Methane on Mars

You probably already saw the news–there has been independent confirmation of the current existence of methane gas in the thin Martian atmosphere.
Is it a lot? No. The pdf abstract on the paper, available through the BBC site here. mentions that it is a pretty thin component (which is why no one has spotted this before in spectral analysis).
The thing is, though, methane is unstable, especially in an environment without an ozone layer. In a few hundred years, any reservoir of methane not replenished would all be lost.
As scientists see it, there are two known possibilities, both exciting.
1. Vulcanism. Despite no evidence of same, rather than being a completely dead world, Mars must still have some active vulcanism. Mars would no longer be a dead world, geologically.
2. Methanogens. There are bacteria on earth which produce methane gas. What’s more, they are anaerobic, they die in oxygenated environments. Not very advanced, considerably primitive…but if they are there on Mars, even in isolated oases, it would be life. Life on another world…
Of course, there could be another, unknown possibility, something unknown and unforseen. And that, too, would be just as exciting.
See why we need to visit Mars? We can only do so much with just robots…

Free Giant Shrimp

Via Apostropher
That promotion Long John Silver’s was going to do involving oceans on Mars and giant shrimp is going to happen, after all.
On May 10th, you can get a piece of giant shrimp, free, at Long John Silver’s.
Gimmick aside, I do support the spirit of the promotion. Trying to excite more interest in science, via the Mars Probes, is a good thing.
(Okay, so I am weird. My first blog entry upon returning back from ACUS is about shrimp…)

Language Purity

Via Ginger, a link to a list of the 100 most mispronounced words.
It’s difficult to creatively and constructively add to her points, but I am going to make one of my own, and in as clear language as possible.
Language is a tool, not a straitjacket. If everyone in America decided to pronounce “ask” as “ax”, that would be the pronunciation. There is no “right” way to pronounce words, in the end, only what is used most commonly and universally understood.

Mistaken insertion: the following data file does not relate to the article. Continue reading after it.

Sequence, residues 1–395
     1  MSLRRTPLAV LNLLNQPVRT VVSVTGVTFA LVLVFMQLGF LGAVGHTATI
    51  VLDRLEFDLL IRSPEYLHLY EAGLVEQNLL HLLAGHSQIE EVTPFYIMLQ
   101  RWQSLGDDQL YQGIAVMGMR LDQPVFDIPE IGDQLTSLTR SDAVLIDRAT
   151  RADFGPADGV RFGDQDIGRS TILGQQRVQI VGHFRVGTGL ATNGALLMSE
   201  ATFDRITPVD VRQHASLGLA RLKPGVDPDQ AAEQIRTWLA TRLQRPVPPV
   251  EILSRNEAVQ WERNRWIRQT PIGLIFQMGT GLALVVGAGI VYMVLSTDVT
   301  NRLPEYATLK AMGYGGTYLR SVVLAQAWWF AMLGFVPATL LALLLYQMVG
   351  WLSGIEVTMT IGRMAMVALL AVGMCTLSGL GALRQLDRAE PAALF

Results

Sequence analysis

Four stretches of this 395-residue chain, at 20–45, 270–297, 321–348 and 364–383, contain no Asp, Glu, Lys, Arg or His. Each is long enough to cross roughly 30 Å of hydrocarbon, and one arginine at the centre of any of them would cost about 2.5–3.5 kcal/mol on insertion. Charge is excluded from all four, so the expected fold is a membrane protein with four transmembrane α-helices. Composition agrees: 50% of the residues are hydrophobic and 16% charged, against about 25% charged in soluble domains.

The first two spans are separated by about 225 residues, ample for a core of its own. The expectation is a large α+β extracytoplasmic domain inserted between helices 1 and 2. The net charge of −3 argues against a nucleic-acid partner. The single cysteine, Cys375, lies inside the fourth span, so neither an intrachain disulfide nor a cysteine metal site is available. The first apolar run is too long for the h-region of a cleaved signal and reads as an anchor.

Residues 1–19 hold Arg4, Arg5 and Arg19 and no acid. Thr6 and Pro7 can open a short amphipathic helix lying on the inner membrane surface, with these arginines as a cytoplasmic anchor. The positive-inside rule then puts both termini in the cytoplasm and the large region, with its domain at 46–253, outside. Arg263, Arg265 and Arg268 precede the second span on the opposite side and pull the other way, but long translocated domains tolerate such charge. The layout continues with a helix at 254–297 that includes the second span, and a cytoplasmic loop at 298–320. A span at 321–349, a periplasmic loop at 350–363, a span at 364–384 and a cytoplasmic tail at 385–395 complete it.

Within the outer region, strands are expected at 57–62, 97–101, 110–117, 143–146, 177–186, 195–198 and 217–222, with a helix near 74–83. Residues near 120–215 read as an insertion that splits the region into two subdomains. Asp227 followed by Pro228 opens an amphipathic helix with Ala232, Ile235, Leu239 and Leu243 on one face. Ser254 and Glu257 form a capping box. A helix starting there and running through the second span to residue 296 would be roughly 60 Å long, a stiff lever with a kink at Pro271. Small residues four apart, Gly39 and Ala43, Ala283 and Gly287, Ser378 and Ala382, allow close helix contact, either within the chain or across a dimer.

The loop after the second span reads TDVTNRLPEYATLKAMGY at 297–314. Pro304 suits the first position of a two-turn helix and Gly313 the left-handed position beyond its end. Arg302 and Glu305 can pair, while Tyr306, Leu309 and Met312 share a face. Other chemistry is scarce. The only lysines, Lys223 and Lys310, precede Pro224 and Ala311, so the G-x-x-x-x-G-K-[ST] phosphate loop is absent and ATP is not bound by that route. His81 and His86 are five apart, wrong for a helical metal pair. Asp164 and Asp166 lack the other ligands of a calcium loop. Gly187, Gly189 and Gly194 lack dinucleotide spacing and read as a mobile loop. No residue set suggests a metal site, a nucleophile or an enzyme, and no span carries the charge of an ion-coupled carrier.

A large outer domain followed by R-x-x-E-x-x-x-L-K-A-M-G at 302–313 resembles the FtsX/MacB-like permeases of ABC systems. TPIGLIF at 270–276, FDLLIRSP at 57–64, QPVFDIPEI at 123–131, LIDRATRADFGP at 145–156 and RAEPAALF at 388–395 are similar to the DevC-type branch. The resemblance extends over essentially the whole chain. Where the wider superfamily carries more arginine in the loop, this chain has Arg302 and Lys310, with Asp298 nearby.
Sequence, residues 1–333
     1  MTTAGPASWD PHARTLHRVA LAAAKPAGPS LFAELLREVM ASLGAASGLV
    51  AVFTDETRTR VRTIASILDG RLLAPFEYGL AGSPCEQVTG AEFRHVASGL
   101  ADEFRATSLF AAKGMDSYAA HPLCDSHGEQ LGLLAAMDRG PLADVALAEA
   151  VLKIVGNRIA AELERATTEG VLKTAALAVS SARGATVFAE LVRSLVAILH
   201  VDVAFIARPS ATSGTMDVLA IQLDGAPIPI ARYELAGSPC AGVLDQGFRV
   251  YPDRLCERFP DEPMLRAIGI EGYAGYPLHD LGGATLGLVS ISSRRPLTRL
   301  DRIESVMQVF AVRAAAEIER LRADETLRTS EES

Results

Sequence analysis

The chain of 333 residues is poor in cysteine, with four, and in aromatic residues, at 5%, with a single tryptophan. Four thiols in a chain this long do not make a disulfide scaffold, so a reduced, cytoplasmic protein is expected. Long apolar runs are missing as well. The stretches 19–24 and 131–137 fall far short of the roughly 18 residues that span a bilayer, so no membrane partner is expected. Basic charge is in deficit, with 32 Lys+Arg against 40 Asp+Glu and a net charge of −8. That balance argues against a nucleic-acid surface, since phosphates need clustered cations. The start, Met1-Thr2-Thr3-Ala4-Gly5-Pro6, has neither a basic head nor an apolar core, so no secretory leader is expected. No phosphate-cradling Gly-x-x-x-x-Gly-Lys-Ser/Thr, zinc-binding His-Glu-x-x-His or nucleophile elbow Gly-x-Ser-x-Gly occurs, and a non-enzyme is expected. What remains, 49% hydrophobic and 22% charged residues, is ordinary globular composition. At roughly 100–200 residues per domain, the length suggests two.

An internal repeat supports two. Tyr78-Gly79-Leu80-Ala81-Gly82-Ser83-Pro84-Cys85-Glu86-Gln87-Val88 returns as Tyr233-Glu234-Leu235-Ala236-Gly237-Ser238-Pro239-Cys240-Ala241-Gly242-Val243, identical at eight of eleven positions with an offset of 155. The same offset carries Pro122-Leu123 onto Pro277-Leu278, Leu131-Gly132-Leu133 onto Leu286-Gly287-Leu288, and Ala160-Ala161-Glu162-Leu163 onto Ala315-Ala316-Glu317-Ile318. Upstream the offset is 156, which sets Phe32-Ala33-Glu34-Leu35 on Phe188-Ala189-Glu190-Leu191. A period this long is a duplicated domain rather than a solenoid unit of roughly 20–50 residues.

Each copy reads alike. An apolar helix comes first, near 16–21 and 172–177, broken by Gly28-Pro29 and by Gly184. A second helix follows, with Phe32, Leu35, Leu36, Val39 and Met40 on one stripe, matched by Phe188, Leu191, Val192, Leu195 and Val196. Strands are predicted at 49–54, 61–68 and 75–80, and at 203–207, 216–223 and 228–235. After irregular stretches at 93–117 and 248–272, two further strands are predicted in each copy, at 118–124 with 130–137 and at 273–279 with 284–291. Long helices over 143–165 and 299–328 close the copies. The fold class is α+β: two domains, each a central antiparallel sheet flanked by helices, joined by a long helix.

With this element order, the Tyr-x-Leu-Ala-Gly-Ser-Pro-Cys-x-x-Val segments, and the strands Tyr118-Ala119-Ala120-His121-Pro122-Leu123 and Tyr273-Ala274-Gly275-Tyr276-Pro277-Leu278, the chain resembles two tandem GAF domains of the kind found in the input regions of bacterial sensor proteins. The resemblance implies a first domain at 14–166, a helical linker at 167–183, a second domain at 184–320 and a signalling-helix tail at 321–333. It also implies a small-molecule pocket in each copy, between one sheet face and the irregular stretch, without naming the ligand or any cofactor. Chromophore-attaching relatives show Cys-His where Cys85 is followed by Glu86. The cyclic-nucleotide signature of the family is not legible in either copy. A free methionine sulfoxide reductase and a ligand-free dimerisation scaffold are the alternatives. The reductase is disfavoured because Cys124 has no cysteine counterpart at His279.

I had an English teacher who bemoaned the idea of people mispronouncing the word ask. But its a fallacious concept. If a pronunciation of a word is universally understood, be it a regional dialect or otherwise, then it is valid.
If I pronounce the word “Car” as “can”, that’s a mispronunciation. If I am in New York (or, yes Ginger, New Jersey) and pronounce it “cah”, then that is a regional variant and it is valid.
I haven’t read it yet, but I’d love to pick up the McWhorter book on language which addresses things like dialects and regionalisms and the like.
I like languages far beyond my limited facility with them.

New FDA Fish Guidelines

Well, the FDA has released new guidelines on eating fish.
I am horrified.
The basic guidelines for children and pregnant women are:
Do not eat shark, swordfish, king mackerel or tilefish because they contain high levels of mercury.
Eat up to 12 ounces � two average meals � per week of fish that are lower in mercury, such as shrimp, canned light tuna, salmon, pollock and catfish.
Check local advisories to determine the safety of fish caught by family and friends. If no such advice is available, limit such fish to one six-ounce portion a week and don�t consume any other fish that week.
Why aren’t we outraged that we’ve polluted the oceans enough that we have to have our kids and pregnant women limit their fish intake because of an excess of a pollutant?
Even canned tuna is not completely safe. Ironically, in a cruel joke, fast food fish is probably safer than other kinds of fish because pollock doesn’t tend to concentrate mercury as much as other seafood.